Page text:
Reporter Ed Mendel covered the Capitol in Sacramento for nearly three decades, most recently for the San Diego Union-Tribune. More stories are at

State and local government workers earn less than comparable workers in the private sector, a new study by two economics professors finds, even when pension and other benefits are included.

The study commissioned by two public employee-connected research groups contradicts comparisons in the “popular press” that show government work pays more than the private sector.

The media compares average pay and benefits, the study released last week said, which misses the point that the average public-sector worker and the average private-sector worker have different education levels and different job duties.

Compensation specialists have repeatedly shown that the average state and local government worker has “more education, more tenure and more responsibilities,” said the study by Keith Bender and John Heywood of the University of Wisconsin-Milwaukee.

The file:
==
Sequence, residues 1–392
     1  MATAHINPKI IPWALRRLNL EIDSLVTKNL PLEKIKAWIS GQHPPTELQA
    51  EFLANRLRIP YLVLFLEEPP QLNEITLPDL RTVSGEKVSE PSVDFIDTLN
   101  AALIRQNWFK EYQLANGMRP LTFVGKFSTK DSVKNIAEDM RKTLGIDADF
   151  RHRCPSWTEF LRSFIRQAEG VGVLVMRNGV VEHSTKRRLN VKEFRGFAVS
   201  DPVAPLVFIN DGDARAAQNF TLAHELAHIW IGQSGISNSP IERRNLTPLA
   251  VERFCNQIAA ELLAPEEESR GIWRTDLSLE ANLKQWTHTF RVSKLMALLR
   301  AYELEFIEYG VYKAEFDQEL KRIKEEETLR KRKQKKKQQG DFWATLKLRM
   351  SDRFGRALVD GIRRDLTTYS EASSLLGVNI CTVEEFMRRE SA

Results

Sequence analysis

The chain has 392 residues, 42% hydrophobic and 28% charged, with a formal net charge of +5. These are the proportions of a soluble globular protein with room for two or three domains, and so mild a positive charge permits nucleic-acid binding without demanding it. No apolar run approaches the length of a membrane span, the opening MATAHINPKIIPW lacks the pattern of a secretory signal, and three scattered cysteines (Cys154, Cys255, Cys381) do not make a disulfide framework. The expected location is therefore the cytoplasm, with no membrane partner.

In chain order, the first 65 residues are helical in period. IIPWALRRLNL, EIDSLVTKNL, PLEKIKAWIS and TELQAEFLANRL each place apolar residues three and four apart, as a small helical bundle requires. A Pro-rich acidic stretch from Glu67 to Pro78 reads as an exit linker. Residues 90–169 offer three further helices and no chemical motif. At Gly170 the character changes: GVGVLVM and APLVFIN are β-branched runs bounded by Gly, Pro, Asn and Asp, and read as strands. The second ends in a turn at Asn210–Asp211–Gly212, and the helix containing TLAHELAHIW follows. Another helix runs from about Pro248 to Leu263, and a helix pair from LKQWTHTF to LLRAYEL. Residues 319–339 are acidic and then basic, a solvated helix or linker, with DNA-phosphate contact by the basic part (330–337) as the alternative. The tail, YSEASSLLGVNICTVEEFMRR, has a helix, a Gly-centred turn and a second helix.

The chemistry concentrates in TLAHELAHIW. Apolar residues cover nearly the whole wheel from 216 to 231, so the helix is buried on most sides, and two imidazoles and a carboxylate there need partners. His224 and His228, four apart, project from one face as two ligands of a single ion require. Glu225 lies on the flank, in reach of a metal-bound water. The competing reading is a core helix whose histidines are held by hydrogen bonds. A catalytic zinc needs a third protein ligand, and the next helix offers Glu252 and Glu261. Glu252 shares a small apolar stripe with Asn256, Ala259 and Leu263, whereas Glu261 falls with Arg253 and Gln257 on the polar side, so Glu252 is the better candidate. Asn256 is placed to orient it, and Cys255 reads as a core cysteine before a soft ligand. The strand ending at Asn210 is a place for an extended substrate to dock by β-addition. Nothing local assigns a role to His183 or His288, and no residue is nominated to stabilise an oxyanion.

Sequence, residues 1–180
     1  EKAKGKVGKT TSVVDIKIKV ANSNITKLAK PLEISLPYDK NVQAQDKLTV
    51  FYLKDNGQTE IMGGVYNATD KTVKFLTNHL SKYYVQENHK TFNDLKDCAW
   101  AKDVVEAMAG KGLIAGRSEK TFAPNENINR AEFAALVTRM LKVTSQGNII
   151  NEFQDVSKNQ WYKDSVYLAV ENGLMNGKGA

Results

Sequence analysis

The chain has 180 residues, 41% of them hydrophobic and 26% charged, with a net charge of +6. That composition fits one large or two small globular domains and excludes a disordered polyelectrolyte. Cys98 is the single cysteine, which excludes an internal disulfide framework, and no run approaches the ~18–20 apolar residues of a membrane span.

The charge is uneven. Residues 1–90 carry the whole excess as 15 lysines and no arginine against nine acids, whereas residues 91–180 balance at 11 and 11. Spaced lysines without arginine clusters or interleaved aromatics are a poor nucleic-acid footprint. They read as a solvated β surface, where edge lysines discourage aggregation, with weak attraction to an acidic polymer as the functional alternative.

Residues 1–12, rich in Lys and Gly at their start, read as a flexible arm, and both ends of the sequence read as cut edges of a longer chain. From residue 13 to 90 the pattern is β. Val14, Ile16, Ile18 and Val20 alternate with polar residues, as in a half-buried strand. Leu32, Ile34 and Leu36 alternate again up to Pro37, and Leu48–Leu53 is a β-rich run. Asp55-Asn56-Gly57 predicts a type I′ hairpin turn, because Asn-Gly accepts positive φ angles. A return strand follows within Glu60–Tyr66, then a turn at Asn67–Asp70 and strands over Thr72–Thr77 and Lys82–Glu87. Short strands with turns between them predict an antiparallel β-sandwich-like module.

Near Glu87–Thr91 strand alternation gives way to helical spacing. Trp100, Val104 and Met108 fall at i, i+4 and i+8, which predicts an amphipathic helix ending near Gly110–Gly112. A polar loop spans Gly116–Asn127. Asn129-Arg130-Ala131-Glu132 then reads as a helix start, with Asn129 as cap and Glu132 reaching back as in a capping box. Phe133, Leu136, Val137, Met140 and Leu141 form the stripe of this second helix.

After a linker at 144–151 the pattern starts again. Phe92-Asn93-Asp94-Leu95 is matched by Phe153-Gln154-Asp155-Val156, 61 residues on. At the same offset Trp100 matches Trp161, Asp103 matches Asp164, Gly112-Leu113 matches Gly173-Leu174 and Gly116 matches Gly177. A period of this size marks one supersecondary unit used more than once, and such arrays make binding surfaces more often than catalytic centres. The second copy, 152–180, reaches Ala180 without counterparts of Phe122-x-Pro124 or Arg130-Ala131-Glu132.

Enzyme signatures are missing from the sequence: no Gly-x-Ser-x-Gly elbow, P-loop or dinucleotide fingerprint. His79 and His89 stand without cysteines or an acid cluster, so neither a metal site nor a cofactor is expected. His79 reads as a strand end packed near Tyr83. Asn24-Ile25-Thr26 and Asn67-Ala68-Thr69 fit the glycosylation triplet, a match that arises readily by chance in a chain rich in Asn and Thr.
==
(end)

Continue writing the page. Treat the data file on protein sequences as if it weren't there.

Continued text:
Nearly half of state and local government workers, 48 percent, have completed college, said the study of workers nationwide. Only a little more than a fifth of private-sector workers, 23 percent, have a degree.

Many of the most common state and local government jobs require higher education: teachers, social workers, nurses and university professors. In Michigan, more than half of the state jobs require that applicants have at least a bachelor’s degree.

“Thus, the fact that public sector workers receive greater average compensation than private sector workers should be no more surprising than the fact that those with more skills and education earn more,” said the study.

A number of previous academic studies, using the proper methodology, are said to have found that state and local government pay and benefits are less than for comparable workers in the private sector.